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Recycling the past
(Reprocessing nuclear fuel - laying the idea to rest)
The reprocessing of nuclear fuel is an idea that should be laid to rest.
...President George Bush is said to be contemplating a step that will revive public concern about the link between nuclear energy and nuclear weapons - and could ultimately set back any prospect of reviving the former.
When it is released next week, Bush's 2007 budget proposal is expected to include a provision that would start to revive nuclear-fuel reprocessing. That would end a three-decade-old strategy in the United States that has sought to sever the connection between nuclear power and nuclear weapons.
Nuclear-fuel reprocessing aims to reduce the volume of spent nuclear fuel that has to be disposed of safely by recycling it for use in new types of nuclear reactor. But the recycling involves separating components that can readily be used to build nuclear weapons.
...It may be that the Bush proposal reflects the administration's frustration over continued opposition to the Yucca Mountain repository. But, in the end, the only environmentally or financially viable path to nuclear power generation involves wrestling with the murky details of long-term waste disposal. Fuel recycling may look exciting on paper; in practice, it is part of the problem, not the solution.
(2 February 2006)
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Nuclear power costs underestimated and renewables’ potential overlooked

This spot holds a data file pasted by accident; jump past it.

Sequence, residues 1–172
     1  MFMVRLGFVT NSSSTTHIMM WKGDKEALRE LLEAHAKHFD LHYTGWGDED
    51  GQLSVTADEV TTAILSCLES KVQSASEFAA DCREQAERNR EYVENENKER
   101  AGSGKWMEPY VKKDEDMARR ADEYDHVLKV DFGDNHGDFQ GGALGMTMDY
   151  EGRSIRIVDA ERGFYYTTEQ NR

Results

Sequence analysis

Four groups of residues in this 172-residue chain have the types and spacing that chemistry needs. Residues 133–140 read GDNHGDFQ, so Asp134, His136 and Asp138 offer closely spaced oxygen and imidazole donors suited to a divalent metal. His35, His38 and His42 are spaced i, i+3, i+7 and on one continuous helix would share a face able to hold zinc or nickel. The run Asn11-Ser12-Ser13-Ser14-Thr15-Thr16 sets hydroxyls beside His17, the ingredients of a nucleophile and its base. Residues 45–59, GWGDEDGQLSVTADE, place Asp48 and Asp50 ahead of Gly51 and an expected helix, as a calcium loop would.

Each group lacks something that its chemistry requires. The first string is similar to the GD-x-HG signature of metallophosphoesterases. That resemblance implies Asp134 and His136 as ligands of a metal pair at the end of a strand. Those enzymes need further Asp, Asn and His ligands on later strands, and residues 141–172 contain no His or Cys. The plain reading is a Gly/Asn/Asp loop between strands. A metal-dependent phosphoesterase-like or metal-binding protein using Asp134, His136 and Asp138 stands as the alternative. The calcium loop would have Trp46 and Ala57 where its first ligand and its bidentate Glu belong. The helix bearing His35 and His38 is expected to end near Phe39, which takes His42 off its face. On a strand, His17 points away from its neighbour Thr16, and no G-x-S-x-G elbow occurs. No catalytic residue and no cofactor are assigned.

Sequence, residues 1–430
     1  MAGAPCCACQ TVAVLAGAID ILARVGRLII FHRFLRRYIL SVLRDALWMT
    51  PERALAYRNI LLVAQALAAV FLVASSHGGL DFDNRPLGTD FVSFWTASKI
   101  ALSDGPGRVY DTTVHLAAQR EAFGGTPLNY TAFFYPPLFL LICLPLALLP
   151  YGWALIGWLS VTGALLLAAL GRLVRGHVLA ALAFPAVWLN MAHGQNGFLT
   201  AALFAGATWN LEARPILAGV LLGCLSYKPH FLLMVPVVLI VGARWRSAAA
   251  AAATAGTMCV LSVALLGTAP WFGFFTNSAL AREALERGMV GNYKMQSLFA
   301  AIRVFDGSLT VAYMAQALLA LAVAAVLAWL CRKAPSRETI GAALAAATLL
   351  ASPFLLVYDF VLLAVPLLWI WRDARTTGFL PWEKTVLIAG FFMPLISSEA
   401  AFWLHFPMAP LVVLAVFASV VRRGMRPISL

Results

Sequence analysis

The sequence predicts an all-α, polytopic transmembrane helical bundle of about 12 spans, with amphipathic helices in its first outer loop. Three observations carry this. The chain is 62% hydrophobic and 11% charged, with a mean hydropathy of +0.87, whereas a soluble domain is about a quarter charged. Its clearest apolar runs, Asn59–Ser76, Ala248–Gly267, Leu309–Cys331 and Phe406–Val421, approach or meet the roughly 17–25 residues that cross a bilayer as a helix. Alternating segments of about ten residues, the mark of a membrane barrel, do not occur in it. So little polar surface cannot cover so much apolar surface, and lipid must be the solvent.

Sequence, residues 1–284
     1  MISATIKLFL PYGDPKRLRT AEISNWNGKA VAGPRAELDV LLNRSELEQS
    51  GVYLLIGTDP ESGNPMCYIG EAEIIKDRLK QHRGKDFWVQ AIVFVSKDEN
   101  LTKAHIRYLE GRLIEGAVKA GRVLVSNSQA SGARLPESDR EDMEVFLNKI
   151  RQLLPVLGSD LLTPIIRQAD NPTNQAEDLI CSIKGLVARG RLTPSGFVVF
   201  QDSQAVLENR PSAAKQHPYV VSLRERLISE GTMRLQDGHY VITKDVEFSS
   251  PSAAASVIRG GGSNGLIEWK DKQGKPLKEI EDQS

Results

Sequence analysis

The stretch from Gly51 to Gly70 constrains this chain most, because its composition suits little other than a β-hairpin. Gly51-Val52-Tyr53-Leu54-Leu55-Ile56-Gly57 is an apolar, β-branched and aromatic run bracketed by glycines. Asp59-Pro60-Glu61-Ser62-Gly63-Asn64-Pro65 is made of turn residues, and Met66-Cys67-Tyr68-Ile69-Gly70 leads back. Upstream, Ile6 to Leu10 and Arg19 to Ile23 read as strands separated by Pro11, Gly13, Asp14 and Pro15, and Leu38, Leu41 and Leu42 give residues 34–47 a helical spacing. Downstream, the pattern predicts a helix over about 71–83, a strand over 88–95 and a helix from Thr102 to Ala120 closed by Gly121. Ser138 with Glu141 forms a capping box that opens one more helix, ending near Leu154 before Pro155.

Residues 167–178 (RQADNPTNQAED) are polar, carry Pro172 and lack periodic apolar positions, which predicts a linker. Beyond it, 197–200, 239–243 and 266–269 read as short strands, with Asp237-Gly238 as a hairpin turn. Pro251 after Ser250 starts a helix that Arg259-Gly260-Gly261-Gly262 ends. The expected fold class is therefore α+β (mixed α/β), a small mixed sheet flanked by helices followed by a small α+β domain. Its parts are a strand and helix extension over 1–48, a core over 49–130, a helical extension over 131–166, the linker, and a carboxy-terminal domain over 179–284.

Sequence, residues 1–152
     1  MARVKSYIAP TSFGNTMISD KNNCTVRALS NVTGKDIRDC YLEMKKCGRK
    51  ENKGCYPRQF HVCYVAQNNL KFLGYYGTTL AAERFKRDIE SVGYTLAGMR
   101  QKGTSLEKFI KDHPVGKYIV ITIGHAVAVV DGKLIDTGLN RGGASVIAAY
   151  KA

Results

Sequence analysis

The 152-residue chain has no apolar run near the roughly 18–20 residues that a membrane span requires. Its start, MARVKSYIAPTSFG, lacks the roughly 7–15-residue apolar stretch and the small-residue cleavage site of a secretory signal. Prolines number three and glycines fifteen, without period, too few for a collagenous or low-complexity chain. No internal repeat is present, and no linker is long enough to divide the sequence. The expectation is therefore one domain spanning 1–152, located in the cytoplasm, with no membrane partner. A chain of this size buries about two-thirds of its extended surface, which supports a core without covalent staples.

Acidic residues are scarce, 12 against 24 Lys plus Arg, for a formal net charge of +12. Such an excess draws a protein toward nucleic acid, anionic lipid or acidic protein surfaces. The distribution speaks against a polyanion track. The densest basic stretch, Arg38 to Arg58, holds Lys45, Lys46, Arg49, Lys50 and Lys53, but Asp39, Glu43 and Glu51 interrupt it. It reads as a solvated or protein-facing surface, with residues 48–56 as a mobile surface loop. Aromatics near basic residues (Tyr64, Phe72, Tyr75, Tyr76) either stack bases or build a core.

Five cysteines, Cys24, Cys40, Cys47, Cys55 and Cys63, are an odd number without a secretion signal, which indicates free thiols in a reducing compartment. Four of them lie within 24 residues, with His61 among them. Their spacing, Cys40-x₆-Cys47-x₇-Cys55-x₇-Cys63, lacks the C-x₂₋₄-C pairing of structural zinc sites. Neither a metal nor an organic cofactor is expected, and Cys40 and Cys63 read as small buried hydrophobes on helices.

Press Release, New Economics Foundation
The cost of new nuclear power has been underestimated by almost a factor of three and the potential of small scale renewables critically overlooked according to a report from nef (the new economics foundation), Mirage and Oasis, released to coincide with the Ashden Awards for Sustainable Energy, on 29 June 2005.
Nuclear power has been promoted in the UK and globally as the answer to climate change and energy insecurity. But, as Mirage and Oasis reveals, as a response to global warming, nuclear power is too slow, too expensive and too limited. And, in an age of terrorist threats, it is more of a security risk than a solution. Instead, renewable energy offers as safe, secure and climate-friendly energy supply system. It leaves no toxic legacy and is abundant and cheap to harvest both in the UK and globally. ... The UK nuclear industry have systematically underestimated the cost of new nuclear power, the report says by almost a factor of three - without even taking into account the wider risks associated with nuclear such as proliferation, insurance, pollution and terrorist threats. More realistic estimates for construction, delays and overruns, the cost of early reactors and actual performance - all push the likely costs of new nuclear power up.
(31 Jan 2006)
Some of the seemingly overly-optimistic claims made about renewables might make some readers sceptical. Greenpeace have recently produced a shocking video in Britain as part of their campaign against a new series of nuclear power plants. -AF
Kiriyenko Says Russia Needs Another 40 Nuclear Reactors
Vladimir Isachenkov, The Moscow Times